How could have this accident be avoided? First, we must recognize what is happening. If the nose is yawing to the right, it is probably related to the tail rotor. If the nose is yawing to the left it is likely engine related. I used to teach students to imagine a large “E” in the left windscreen and a large “T” in the right windscreen. (Some of us remember the movie E.T. the Extra-Terrestrial). If the aircraft’s nose yaws to the left it is the (E) ngine. Likewise, to the right – (T) ail rotor. So, for the purpose of this conversation, when the nose yaws right and starts spinning, apply full left pedal. Simultaneously, apply forward cyclic control to increase airspeed. If altitude permits, reduce power. If altitude does not permit “flying away” it is imperative to reduce power by moving the twist grip towards idle and be prepared to conduct a hovering autorotation. I can assure you when the torque is removed from the rotor system the aircraft will quit spinning immediately.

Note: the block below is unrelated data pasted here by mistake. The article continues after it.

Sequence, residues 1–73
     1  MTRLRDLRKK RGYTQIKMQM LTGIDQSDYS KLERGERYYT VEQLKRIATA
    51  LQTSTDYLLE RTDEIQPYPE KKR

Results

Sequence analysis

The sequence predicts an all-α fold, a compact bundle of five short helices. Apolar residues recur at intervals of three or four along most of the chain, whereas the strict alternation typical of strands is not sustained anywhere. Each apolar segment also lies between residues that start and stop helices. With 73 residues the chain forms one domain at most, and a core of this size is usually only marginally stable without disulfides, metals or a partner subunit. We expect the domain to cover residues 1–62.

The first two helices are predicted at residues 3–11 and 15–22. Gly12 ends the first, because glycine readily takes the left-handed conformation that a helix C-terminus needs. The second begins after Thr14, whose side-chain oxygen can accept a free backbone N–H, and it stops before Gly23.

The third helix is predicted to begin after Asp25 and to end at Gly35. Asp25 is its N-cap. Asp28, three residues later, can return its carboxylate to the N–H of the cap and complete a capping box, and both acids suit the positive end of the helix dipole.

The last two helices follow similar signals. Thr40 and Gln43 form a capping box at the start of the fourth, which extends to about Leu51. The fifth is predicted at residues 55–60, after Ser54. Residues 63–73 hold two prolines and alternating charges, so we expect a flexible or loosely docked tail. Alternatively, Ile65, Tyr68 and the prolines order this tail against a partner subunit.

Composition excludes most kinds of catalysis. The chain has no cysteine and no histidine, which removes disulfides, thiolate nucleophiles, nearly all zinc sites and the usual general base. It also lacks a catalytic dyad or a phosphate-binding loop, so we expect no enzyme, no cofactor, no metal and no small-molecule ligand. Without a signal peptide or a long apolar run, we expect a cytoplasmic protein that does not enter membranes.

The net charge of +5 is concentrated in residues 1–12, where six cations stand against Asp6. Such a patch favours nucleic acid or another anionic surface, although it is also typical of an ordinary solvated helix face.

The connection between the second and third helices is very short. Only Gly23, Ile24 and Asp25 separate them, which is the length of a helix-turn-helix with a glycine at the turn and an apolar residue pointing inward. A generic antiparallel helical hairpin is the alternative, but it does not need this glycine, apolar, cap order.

Ideally, we avoid finding ourselves in this scenario. For pilots operating Enstrom piston models, it is imperative to always keep the engine and rotor RPM in the green. If conditions are conducive for the onset of LTE I would recommend taking the RPM to the “high side” of the green thereby providing slightly more tail rotor authority. Secondly, avoid the winds off of the tail and left side of the helicopter. It is not a precise science; however, it is good practice. Keeping your nose straight will keep you out of trouble.
Randy is a dual rated Airline Transport Pilot with 13,000 flight hours in airplanes and helicopters. He has type ratings in the BE400 and CE500. Randy has been a rotorcraft Designated Pilot Examiner representing the Grand Rapids FSDO since 2014. Currently he is the Chief Pilot for Sweet Helicopters, a northern Indiana Part 135 air carrier operator and serves as the Airport Manager of the Goshen Municipal Airport.
About Enstrom HelicopterFrom Rudy Enstrom’s early designs in 1943 to initial testing in a Michigan Quarry in 1957 to aircraft operating on six continents, Enstrom Helicopter Corporation has maintained a reputation for safety, value and performance. Based in Menominee, Michigan and proudly made in the United States, Enstrom has a rich history for design innovation. The goal is to provide helicopters to the customer’s exact specification and deliver support and maintenance worldwide.